• Good for you😊 Listning to the reactions in your own body is essential in every treatment path. I can just imagine how hard juicing must be. For me the AIP diet has worked very well and once you get used to it there actually is a lot of nice recepies and food variations. Good luck and let us hear how it goes:)

  • The main problem with the juicing was that I had a masticating juicer which produces very high quality juice with little waste, but is very labour-intensive as far as chopping and cleaning goes.

    Although I don't follow the Paddison Programme, I did follow Clint's recommendation and bought a Philips Avance centrifugal juicer. The juice quality and quantity is less, but it takes a matter of minutes to produce a litre or so of juice and is much easier to clean. As I find I can juice and drink a wider range of fruit and veg than I would eat juicing widens my range.

    The elimination diet was useful in that it clarified certain things that my body had been trying to tell me for a long time. The most shocking discovery was that wheat caused my heart rate to increase uncomfortably which in turn provoked feelings of anxiety - things I'd put down to hormones and stress. Also, a minor cough that had plagued me most of my life disappeared when I stopped eating all dairy.

    Some of those AIP recipes look delicious. As a vegetarian (or now pescatarian), I couldn't embrace the whole protocol though.

  • There are masticating juicers that have large feed chute that can take whole fruits, that should not really stress you. But if you getting frustrated from the work you put in chopping the fruits before juicing in a masticating juicer, I would recommend a centrifugal juicer to you.

    And here is what I found, juicergenius.com/best-centr... ... But the point to take into account user's review and expert reviews before making a decision.

    Hope this helps

  • Thank you all for your answers! It really helped! You made me feel less crazy. With everyone around me just saying I should be happy it's not RA and leave it with that. I really appreciate your recommendations regarding a second opinion. And I'll definitely do that.

  • Hi ya, I'm in the same boat as you, I've tested positive for rf and anti ccp, my rheumatologist said I have the antibodies for rheumatoid arthritis and will likely develop it but at the moment I haven't got it because I have no swelling. With out pain meds from the doctors I'm very uncomfortable During the morning, my feet, hands, fingers and wrists. It eases off during the afternoon and then comes back at night.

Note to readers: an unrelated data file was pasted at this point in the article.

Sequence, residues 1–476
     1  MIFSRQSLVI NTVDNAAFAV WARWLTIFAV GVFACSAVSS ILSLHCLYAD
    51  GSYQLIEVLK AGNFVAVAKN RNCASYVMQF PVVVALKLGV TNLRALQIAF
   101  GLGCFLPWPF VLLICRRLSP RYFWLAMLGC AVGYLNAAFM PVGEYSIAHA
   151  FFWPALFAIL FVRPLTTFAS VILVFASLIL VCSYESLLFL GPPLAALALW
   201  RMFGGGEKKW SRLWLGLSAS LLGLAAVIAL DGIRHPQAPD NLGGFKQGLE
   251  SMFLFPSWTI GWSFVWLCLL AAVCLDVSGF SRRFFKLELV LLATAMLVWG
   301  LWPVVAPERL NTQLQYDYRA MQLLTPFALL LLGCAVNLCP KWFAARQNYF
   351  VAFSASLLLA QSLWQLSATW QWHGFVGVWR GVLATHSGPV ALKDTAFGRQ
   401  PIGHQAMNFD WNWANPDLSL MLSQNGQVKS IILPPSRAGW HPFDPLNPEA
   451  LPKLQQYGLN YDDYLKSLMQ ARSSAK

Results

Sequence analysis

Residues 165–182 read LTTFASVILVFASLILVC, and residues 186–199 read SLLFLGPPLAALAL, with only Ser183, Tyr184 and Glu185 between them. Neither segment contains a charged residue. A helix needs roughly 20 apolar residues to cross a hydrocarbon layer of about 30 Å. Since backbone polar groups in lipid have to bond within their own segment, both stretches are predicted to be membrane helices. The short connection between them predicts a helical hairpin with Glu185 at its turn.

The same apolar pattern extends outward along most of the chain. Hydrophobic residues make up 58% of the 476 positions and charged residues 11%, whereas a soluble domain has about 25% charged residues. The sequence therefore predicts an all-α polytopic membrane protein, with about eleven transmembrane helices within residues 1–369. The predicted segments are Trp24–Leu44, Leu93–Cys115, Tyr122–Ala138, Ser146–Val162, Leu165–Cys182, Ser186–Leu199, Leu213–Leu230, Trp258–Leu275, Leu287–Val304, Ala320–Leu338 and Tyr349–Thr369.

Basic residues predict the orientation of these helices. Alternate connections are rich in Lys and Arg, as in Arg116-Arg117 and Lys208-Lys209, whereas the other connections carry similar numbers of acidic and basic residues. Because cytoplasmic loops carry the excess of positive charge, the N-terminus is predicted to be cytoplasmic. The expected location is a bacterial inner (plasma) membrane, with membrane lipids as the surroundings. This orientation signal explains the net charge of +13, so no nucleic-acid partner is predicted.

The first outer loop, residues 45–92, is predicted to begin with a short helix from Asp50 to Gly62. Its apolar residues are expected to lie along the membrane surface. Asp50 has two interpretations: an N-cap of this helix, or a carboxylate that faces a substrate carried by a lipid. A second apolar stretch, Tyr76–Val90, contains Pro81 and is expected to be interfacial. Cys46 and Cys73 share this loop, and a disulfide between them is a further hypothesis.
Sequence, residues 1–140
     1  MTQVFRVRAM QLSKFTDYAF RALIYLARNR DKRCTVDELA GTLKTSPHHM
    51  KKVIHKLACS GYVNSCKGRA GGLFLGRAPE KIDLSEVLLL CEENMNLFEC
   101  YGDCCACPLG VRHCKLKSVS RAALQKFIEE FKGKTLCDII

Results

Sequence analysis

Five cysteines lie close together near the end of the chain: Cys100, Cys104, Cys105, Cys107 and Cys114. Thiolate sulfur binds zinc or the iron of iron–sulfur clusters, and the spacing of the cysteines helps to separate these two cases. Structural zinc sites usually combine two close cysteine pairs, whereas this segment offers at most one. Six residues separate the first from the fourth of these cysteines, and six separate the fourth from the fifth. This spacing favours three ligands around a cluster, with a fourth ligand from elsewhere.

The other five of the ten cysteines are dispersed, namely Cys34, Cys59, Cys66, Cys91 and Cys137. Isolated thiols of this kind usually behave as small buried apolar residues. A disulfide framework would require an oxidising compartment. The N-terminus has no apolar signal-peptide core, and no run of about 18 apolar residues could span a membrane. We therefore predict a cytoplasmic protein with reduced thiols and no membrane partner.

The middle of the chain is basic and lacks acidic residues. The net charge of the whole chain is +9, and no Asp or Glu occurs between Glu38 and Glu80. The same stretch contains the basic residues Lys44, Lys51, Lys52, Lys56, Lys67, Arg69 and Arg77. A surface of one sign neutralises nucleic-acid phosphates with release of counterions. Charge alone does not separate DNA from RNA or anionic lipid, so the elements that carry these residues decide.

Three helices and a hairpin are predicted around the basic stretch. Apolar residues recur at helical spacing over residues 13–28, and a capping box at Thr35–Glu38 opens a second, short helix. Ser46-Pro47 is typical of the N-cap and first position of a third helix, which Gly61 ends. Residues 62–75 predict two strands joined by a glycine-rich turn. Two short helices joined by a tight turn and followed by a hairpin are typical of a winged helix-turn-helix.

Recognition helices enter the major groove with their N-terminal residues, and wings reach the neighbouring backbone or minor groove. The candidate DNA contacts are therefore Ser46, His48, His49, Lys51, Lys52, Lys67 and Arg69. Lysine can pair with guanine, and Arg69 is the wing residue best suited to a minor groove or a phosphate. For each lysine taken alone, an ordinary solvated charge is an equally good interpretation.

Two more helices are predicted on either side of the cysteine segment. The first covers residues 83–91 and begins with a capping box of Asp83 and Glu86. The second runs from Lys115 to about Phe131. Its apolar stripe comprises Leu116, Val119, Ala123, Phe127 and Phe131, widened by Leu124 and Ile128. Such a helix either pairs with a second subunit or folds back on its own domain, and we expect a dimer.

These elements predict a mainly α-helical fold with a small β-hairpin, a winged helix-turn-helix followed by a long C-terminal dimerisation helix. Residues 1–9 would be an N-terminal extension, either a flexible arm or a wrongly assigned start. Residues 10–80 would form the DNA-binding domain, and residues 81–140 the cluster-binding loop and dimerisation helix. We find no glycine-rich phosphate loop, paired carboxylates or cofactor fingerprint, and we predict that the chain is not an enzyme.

• Hi I am getting exactly the same symptoms as you. All the time I keep moving the pain isn't too bad, but once I sit down and rest in the evening, and during the night, the pain returns....

  • The rheumatologist said that if the MRI will be clear then he will diagnose it as pain caused by an unknown source. In the first appointment, before he saw that my blood tests showed no inflammation he said its most likely to be spinal arthritis. RA was never a real option in his opinion, since the pain and swallowing in my hands and feet were for only a short while and almost completely gone by the time I saw him. Also, my worst pain and the place it started is my pelvic. Other joints like knees, shoulders and elbows appeared later. And again, because there is only slight involvement of my hands and feet, they don't really consider RA. Honestly, I really hope he's right, I just want to be sure it's the right diagnosis...

  • Hi. I wonder if Palindromic Rheumatism is a possible dx if the MRI is clear? Severe inflammatory bouts of joint pain with no residual damage. Just a thought xxx

  • Looks like for PR the attacks lasts for days and not weeks or months like in my case. And for me it's not really jumping between different joints. The pelvic, shoulders and knees are always either painful or tender. And my hands are swollen every morning. And lastly the anti-ccp is positive. So I'm not really sure why the doctor even considers other types of RD.